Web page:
Photographs – went to Arnot Hill Park. Didn’t get many as there were a lot of shadows on the water from neighbouring trees, and the bits without shadow had glare from the low sun. There was a cormorant – originally diving for fish, then drying its wings. It took some stalking after I first saw it, but once it decided to dry its wings it stood and displayed itself shamelessly. Nobody else seemed to notice. It’s the first one I’ve seen on the duck pond.

p1282035.jpg

Tufted Duck male on the duck pond at Arnot Hill, Arnold, Notts

From there I went shopping, met an old friend, and spent a happy hour catching up on the news.

After that it was back home to cook and plan blog posts.  However, first I had a sit down and cup of tea. Shall we just say that no cooking or blogging took place, as I moved smoothly on to the final element of the plan.

Fortunately I had set the alarm on my phone, and was  woken in time to pick Julia up from work.

We’re now waiting for a Chinese delivery, as it’s too late to cook. Well, that’s the excuse I’m using.

Only two photographs today because the rest won’t download. The card reader isn’t working and the lead for connecting the camera directly seems to have disappeared. They do that if you don’t keep a constant watch on them.

 

Time Moves On

Julia’s phone has been going all day. The large polytunnel in the gardens proved unable to resist the wind last night and the ancient, brittle sheeting disintegrated. Despite being off ill, she has had a constant stream of texts, photographs and requests for decisions.

To call in a team of experts would cost £500 over and above the cost of the plastic. At the moment she is waiting for an answer from the Young Farmers’ Club. to see if they are able to help.

In the shop we assembled a couple of office chairs. They are now pushed up to the desk in the middle room, waiting for a dedicated ebay team. However, it will probably end up with me and Eddie. One of the customers is currently refurbishing a computer for me and then he’s going to set a printer up a wireless network. This might seem normal to you, but it’s close to being miraculous to me, as none of my previous jobs have involved using a computer. I had my own for doing ebay, but I’ve never worked for someone else, or with someone else, using a computer.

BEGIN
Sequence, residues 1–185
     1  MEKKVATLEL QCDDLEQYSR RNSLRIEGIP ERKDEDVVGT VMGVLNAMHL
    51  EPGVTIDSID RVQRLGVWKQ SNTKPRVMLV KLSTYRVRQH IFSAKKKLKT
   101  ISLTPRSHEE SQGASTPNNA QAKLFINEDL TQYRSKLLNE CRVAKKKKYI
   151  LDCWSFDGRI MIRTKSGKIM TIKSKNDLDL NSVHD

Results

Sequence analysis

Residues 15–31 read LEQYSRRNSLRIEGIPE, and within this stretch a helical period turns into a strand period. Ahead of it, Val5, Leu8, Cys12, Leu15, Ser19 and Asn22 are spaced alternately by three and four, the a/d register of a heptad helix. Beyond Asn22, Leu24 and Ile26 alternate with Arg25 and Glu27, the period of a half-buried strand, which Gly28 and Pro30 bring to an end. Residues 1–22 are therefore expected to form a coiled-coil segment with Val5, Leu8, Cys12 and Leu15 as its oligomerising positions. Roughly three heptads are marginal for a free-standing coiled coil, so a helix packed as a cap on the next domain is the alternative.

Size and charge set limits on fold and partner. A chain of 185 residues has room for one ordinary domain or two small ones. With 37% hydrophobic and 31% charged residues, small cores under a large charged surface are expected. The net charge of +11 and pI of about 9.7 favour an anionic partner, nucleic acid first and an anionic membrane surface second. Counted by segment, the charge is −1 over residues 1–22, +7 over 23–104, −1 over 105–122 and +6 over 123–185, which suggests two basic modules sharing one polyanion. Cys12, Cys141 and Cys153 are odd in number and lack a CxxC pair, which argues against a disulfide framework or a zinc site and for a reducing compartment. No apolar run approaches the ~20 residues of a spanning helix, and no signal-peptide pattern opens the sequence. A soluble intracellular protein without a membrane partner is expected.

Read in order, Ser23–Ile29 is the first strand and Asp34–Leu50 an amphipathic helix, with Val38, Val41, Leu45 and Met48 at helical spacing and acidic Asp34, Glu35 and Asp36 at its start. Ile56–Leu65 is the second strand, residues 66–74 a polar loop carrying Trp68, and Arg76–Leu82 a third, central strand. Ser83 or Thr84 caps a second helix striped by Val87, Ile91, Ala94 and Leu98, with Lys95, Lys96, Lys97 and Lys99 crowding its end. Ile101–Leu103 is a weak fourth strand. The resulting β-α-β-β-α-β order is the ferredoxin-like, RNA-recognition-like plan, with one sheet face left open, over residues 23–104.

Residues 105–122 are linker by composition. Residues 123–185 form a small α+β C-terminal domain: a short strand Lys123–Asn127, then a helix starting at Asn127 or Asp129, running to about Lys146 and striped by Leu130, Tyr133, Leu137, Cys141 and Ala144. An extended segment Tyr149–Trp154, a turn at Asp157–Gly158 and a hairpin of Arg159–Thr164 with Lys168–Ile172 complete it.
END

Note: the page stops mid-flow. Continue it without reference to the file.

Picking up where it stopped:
This, I suppose, is the 21st century.

After that I had to remove a coin collection from plastic pages. Over the years the pages had sealed the coins in, so I ended up cutting them out with scissors.  It’s a tedious job, but there was a Maundy fourpence in it, amongst the silver threepenny bits, so it felt worthwhile.

It’s even more tedious than sorting out the two plastic boxes of mixed cupro-nickel coins. Half-crowns, florins, shillings and sixpences plus large-sized 10 and 5 pence coins. I’m so used to the small 10p and 5p that the old-fashioned large ones come as a bit of a surprise. Thinking of it, I should have taken pictures to illustrate this. I may do that tomorrow.

OLYMPUS DIGITAL CAMERA

Newark, Notts

In the afternoon I was off, so I took a quick trip to Newark to see my mate on the market. He was one of three stallholders who had braved the wind and rain, and they had all spread out to make the market look fuller. There were seven trees down on the way, with two teams still working on clearing them. It’s been quite windy round here. Fortunately all the roads had been cleared so there were no delays.

That’s about it. Julia is continuing her slow recovery, but while I was out this morning she inspected the garden for storm damage and, whilst struggling to keep her balance, managed to topple over.  She does that. As soon as I’m distracted she tries to do too much and sets herself back. Fortunately she hasn’t hurt herself, but I’m thinking of rigging the house with CCTV so I can prevent a repeat.

I didn’t get many photos today, just a few silhouettes of Newark and some sky.

OLYMPUS DIGITAL CAMERA

A dry view of Newark

 

Chasing a Sunset

We went to Derbyshire today and had a productive time – plenty of photographs, a couple of books, a Bakewell pudding and a new work bag for Julia (plus a can of white gloss for the new garden table project).

On the way back I was moaning to Julia about the lack of colour in the sky when it suddenly turned blazing red. The only trouble was that it was behind my right shoulder. As we twisted and turned I realised that there was a lay-by ahead and a good view of the sunset on my right. Somebody was already parked with the same purpose, using a phone, which still seems strange to me. I mean, I wouldn’t use a camera to contact Julia and tell her I was going to be late home.

So, here are some of the results. The flare in some of them is due to a finger mark on the lens. Fortunately I realised what it was and was able to correct it by breathing on the lens and applying a quick polish with my handkerchief. Proper photographers are probably wincing at the thought, but I’m a low tech sort of bloke, and it did the job.

One thing I did do right was to put the sunrise/sunset filter on (because I remembered I had that option after Sunday’s sunset). It didn’t add anything – these were the actual colours because it truly was a spectacular sunset – but it did stop the camera “correcting” the colour automatically.